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Applying Behavioral Economics to Public Policy in Canada

Author

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  • Robert French
  • Philip Oreopoulos

Abstract

Behavioral economics incorporates ideas from Psychology, Sociology, and Neuroscience to better predict how individuals make long-term decisions. Often the ideas adopted include present or inattention bias, both potentially leading to sub-optimal outcomes. But these models also point to opportunities for effective, low-cost government policies that can have meaningful positive effects on people’s long-term well-being. The last decade has been marked by a growing interest from governments the world over in using behavioral economics to inform policy decisions. This is true of Canada as well. In this paper we discuss the increasingly important role behavioral economics plays in Canadian public policy. We first contextualize government policies that have incorporated insights from behavioral economics by outlining a collection of models of intertemporal choice. We then present examples of public policy initiatives that are based upon findings in the field, placing particular emphasis on Canadian initiatives. We also document future opportunities, challenges, and limitations.

Suggested Citation

  • Robert French & Philip Oreopoulos, 2016. "Applying Behavioral Economics to Public Policy in Canada," NBER Working Papers 22671, National Bureau of Economic Research, Inc.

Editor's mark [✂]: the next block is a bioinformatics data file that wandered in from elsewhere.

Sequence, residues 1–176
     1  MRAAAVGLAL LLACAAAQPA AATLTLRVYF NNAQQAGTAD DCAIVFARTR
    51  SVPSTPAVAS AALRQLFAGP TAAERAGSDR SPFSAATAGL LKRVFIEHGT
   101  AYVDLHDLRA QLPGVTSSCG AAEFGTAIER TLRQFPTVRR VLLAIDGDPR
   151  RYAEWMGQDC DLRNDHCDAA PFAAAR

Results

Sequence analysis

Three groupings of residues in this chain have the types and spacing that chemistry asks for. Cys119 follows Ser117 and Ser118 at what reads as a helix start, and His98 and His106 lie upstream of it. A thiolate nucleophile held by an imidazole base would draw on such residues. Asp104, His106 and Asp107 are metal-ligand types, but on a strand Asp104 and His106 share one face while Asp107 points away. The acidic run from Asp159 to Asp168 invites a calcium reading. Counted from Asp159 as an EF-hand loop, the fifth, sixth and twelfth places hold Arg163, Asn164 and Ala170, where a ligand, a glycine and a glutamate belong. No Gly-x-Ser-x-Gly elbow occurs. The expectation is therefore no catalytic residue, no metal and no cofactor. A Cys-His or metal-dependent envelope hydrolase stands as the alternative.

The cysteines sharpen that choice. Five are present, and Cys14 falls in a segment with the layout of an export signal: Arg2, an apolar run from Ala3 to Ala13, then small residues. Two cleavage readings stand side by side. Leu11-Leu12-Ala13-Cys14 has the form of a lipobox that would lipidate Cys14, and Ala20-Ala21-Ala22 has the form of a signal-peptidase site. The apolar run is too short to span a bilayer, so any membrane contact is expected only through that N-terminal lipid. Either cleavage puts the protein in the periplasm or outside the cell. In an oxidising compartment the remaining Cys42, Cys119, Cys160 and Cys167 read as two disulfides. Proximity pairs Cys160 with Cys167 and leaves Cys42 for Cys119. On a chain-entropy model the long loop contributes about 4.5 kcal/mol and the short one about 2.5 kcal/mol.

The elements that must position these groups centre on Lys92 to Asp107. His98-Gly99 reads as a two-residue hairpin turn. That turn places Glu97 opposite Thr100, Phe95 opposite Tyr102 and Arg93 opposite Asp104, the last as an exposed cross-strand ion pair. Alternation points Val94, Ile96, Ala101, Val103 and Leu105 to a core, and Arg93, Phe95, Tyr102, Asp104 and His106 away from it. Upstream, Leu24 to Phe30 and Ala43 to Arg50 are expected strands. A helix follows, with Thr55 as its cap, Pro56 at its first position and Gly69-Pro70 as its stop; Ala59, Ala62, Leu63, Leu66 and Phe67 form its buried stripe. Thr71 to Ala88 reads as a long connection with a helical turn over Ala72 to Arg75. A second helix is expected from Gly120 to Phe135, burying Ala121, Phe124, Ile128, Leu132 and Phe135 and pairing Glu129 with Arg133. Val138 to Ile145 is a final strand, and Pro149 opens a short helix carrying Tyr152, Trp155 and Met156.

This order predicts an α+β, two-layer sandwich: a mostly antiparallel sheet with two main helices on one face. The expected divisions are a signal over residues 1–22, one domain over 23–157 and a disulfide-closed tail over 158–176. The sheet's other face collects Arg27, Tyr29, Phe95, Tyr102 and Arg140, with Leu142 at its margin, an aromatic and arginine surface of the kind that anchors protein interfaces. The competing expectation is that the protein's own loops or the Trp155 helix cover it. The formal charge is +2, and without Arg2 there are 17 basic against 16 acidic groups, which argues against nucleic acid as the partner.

• Handle: RePEc:nbr:nberwo:22671
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    References listed on IDEAS

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    1. repec:cdh:commen:509 is not listed on IDEAS
    2. repec:cai:repdal:redp_285_0777 is not listed on IDEAS
    3. Sylvain Chareyron & David Gray & Yannick L’Horty, 2018. "Raising Take-Up of Social Assistance Benefits through a Simple Mailing: Evidence from a French Field Experiment," Revue d'économie politique, Dalloz, vol. 128(5), pages 777-805.

    More about this item

    JEL classification:

    • J10 - Labor and Demographic Economics - - Demographic Economics - - - General
    • J18 - Labor and Demographic Economics - - Demographic Economics - - - Public Policy
    • J24 - Labor and Demographic Economics - - Demand and Supply of Labor - - - Human Capital; Skills; Occupational Choice; Labor Productivity
    • J48 - Labor and Demographic Economics - - Particular Labor Markets - - - Particular Labor Markets; Public Policy

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